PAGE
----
The Cook Islands
Fairytale Reality on Aitutaki
Published in the Spring 2007 Issue of Canadian World Traveller
By Jane Cassie
Photos: Jane Cassie / Cook Island Tourism
Swiss Family Robinson had been a favourite bedtime story when I was young. Before I was lulled off to sleep, I would imagine being swept away to an island paradise where palm trees swayed on sugar-white sand beaches.
Although I eventually learned the difference between fact and fiction, I discovered on this South Pacific adventure that some fairytales could indeed be true.
An Island Welcome
The dream transforms into reality as soon as we set foot on Aitutaki, one of the fifteen idyllic Cook Islands located smack dab between Tahiti and Fiji in the middle of the vast South Pacific Ocean.
In addition to being welcomed by the traditional island greeting “Kia Orana” and local musicians playing a medley of finger-blistering ukulele tunes, we’re draped with garlands of heavenly-scented gardenias, offered husks of coconut milk and treated to the winning smiles of our gracious hosts. There’s no rush, no bustle. It’s obvious; we’re now on island time!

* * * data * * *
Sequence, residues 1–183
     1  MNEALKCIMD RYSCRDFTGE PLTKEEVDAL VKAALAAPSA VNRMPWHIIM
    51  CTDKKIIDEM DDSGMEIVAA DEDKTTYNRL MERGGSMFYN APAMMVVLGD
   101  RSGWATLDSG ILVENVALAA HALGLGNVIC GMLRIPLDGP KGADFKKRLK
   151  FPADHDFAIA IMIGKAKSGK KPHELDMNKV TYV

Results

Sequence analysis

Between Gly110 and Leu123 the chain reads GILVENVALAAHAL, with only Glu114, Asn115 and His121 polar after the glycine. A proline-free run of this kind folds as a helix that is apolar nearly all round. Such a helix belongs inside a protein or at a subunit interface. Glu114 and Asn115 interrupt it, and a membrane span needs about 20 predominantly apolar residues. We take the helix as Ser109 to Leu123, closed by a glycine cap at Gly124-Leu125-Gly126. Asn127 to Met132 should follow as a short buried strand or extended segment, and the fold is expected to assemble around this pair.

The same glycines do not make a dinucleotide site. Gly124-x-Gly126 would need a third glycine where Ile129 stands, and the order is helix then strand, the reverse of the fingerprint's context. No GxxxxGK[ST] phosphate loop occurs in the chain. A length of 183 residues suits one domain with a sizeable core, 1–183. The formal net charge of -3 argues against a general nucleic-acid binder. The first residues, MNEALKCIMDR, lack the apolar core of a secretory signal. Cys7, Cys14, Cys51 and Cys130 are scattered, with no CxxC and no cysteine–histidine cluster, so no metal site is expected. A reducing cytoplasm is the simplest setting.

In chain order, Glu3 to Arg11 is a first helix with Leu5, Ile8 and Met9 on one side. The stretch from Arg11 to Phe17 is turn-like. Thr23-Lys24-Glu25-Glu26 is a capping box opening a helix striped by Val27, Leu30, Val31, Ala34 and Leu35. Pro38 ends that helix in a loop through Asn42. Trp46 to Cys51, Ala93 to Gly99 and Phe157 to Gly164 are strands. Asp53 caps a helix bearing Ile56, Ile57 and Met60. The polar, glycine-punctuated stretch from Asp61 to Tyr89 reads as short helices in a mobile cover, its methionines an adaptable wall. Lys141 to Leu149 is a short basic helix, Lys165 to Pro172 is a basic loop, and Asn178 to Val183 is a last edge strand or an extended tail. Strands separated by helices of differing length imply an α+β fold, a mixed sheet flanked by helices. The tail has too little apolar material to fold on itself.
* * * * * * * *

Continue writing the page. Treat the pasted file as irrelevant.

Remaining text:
Fantasy blurs with reality even more when we veer away from the airport tarmac, take a sandy road less travelled, and wind up on a shoreline that fringes a breathtakingly beautiful lagoon.
Close to Eden
“This must be as close to Eden as it gets,” I whisper in awe, while gazing over the aquatic wonder that boasts every imaginable shade of turquoise. “All aboard to Paradise, ladies and gents,” comes a command that confirms my suspicion.
Instead of the wearing traditional navy gear, the captain of our pontoon boat is decked out in a Polynesian floral-print outfit.
And although the short voyage across the lagoon is certainly do-able by backstroke, the crossing by pontoon creates a real ‘Robinson Crusoe’ feeling. Add to this is a ‘tribal warrior’ on the far side wearing a mid-calf pareus (sarong) and tasselled leggings and beckoning to us with blows on a conch shell, and I know that we’ve escaped from all of the usual constrains of reality.
A Lagoon Resort
A modern-day version of Gilligan’s Island comes alive after we disembark on Akitua and arrive at the island’s sole hotel property, the Aitutaki Lagoon Resort and Spa. Stately palms, billowing in the wind, stand like watchtower sentinels all along the pristine beachfront. They throw their welcome shade over the fiesta of tropical flora growing below them.